I really like yoga themed cozies, I especially liked the one set in NJ, the Mantra for Murder series and was sad to see it finish. Downward Facing Death is the first book in a new series with a yoga and food theme. Keeley has returned to what she feels is home to open the vegetarian cuisine based Yoga Cafe at the site of her deceased father’s butcher shop. She runs into some resistance especially with the discovery of a body before she is even open. Keeley feels like she needs to solve the crime if her business is going to have any hope of getting off the ground. I really enjoyed this mystery. I especially liked how it showed that sometimes going home is not what you expect. I thought that was well done. I will read more in this series.
Simon Brett’s Fethering series has long been a favorite of mine, with rigid Carole Seddon and her more “go with the flow” neighbor Jude. In this outing, Carole is just settling in to the idea of being a Grandma. She gets invited to a gallery showing and goes along with Jude, although she is quite sure it is not her thing. After the events at the gallery a young woman is dead, but is it murder or suicide? Jude and Carole investigate uncovering secrets and dealing with a family in denial. The usual pokes at class structure and people who suffer from self-importance are here along with an interesting mystery. I am still enjoying this series, thirteen books in.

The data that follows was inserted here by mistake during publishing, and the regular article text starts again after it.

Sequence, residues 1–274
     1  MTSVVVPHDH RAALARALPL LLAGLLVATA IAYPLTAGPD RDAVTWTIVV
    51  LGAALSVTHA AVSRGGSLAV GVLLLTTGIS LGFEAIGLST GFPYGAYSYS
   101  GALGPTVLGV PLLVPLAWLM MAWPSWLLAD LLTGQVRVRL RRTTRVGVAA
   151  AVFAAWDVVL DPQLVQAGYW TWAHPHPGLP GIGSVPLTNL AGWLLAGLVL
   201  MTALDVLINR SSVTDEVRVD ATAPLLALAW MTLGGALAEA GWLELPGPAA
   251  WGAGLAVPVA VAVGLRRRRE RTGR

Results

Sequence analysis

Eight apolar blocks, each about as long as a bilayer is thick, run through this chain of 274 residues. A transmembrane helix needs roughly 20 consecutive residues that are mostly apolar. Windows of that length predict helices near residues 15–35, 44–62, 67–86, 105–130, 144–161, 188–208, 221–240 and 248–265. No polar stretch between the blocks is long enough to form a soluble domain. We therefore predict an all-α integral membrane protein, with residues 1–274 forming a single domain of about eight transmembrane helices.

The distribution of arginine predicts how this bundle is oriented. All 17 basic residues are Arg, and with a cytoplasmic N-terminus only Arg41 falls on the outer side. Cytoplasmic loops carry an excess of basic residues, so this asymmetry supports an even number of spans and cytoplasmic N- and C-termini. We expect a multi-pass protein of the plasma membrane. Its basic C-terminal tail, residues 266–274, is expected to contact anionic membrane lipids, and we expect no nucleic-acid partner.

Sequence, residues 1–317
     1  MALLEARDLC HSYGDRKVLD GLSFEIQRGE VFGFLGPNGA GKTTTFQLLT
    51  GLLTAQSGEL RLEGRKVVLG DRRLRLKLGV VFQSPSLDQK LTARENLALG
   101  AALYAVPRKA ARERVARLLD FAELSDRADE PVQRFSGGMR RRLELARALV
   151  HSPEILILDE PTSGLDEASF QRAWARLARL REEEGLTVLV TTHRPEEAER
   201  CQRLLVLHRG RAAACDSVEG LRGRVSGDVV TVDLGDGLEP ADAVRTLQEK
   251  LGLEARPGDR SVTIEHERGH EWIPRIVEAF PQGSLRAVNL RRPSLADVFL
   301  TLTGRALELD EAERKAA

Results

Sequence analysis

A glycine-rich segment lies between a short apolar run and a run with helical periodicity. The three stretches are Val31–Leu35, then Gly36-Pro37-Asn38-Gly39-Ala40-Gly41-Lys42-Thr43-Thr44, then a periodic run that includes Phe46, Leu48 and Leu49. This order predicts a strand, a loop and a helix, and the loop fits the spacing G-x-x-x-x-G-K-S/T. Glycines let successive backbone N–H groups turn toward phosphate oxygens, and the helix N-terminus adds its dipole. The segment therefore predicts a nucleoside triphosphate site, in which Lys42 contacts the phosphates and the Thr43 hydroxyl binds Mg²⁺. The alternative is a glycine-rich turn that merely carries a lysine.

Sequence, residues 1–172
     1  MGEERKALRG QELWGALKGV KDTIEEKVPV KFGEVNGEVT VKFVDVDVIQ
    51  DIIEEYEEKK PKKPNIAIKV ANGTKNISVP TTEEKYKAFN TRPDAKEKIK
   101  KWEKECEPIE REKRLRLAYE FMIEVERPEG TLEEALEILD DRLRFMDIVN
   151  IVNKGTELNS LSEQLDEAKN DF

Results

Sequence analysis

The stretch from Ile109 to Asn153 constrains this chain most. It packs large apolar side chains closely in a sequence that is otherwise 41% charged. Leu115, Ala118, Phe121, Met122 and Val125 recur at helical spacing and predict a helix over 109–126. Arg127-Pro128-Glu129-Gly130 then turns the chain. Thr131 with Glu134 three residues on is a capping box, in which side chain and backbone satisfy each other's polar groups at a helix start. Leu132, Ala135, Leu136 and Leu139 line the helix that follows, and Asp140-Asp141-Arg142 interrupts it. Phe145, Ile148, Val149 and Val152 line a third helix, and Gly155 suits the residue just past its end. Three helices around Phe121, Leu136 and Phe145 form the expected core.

Death Overdue is the first in a new series called A Haunted Library Series. The sleuth, Carrie, is a recently hired librarian in the small town which she spent summers in as a child. Carrie has difficulty staying in one place and is itching to move on when the job becomes available. Along with the library duties, Carrie deals with the murder of a presenter at a library program, the ghost of a former library aide, and a co-worker who wants her job. There are lots of good ideas here, the pacing felt a little rushed and so the characters, other than Carrie don’t feel fully developed. Carrie is supposed to be 30, but she comes across in her thoughts and some behaviors as 18 or 19. This may appeal to younger cozy readers, which makes sense because the author wrote YA and middle grade fiction as Marilyn Levinson.
I really enjoy the violet eyed,widowed character of Mrs Pargeter. In this installment, she is still trying to continue her husband’s “philanthropy” and it involves her in quite a tangled web of stolen identities, gun running, kidnapping, a wedding and a funeral. For people not familiar with Mrs. Pargeter, I’d suggest reading the series in order to get a sense of the recurring characters and the relationships among them all. There are some very strong pokes here at certain anti-immigrant right-wing British political groups and the usual fun with class distinctions and Mrs. Pargeter’s views on her husband’s legacy. Fun mystery read with a great character at the helm.